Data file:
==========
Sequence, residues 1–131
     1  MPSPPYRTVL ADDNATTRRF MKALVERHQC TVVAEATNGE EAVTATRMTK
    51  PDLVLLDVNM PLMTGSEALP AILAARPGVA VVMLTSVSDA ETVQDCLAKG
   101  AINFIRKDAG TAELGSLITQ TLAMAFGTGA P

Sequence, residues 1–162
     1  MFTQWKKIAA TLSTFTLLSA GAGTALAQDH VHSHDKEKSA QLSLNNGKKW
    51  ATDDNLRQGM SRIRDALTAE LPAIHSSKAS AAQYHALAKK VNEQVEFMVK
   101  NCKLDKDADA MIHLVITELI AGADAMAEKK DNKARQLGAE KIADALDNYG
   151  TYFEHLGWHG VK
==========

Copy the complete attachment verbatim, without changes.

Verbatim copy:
Sequence, residues 1–131
     1  MPSPPYRTVL ADDNATTRRF MKALVERHQC TVVAEATNGE EAVTATRMTK
    51  PDLVLLDVNM PLMTGSEALP AILAARPGVA VVMLTSVSDA ETVQDCLAKG
   101  AINFIRKDAG TAELGSLITQ TLAMAFGTGA P

Sequence, residues 1–162
     1  MFTQWKKIAA TLSTFTLLSA GAGTALAQDH VHSHDKEKSA QLSLNNGKKW
    51  ATDDNLRQGM SRIRDALTAE LPAIHSSKAS AAQYHALAKK VNEQVEFMVK
   101  NCKLDKDADA MIHLVITELI AGADAMAEKK DNKARQLGAE KIADALDNYG
   151  TYFEHLGWHG VK